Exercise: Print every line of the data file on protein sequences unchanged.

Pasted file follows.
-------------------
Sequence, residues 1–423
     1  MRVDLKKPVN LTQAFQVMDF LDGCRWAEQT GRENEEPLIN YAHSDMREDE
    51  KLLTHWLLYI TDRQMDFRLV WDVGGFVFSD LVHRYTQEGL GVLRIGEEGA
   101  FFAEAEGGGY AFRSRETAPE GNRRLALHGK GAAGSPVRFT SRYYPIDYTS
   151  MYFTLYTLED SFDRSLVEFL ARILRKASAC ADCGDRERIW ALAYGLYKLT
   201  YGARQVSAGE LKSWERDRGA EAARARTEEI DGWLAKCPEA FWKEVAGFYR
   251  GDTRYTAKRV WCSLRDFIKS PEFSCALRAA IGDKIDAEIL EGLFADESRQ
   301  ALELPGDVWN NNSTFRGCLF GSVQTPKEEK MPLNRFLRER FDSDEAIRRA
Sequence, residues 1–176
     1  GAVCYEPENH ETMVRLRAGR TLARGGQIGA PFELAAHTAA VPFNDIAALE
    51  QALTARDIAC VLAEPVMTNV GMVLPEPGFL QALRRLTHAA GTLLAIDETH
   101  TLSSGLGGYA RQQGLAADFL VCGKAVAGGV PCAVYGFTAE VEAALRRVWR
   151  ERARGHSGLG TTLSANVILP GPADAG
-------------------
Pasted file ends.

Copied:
Sequence, residues 1–423
     1  MRVDLKKPVN LTQAFQVMDF LDGCRWAEQT GRENEEPLIN YAHSDMREDE
    51  KLLTHWLLYI TDRQMDFRLV WDVGGFVFSD LVHRYTQEGL GVLRIGEEGA
   101  FFAEAEGGGY AFRSRETAPE GNRRLALHGK GAAGSPVRFT SRYYPIDYTS
   151  MYFTLYTLED SFDRSLVEFL ARILRKASAC ADCGDRERIW ALAYGLYKLT
   201  YGARQVSAGE LKSWERDRGA EAARARTEEI DGWLAKCPEA FWKEVAGFYR
   251  GDTRYTAKRV WCSLRDFIKS PEFSCALRAA IGDKIDAEIL EGLFADESRQ
   301  ALELPGDVWN NNSTFRGCLF GSVQTPKEEK MPLNRFLRER FDSDEAIRRA
Sequence, residues 1–176
     1  GAVCYEPENH ETMVRLRAGR TLARGGQIGA PFELAAHTAA VPFNDIAALE
    51  QALTARDIAC VLAEPVMTNV GMVLPEPGFL QALRRLTHAA GTLLAIDETH
   101  TLSSGLGGYA RQQGLAADFL VCGKAVAGGV PCAVYGFTAE VEAALRRVWR
   151  ERARGHSGLG TTLSANVILP GPADAG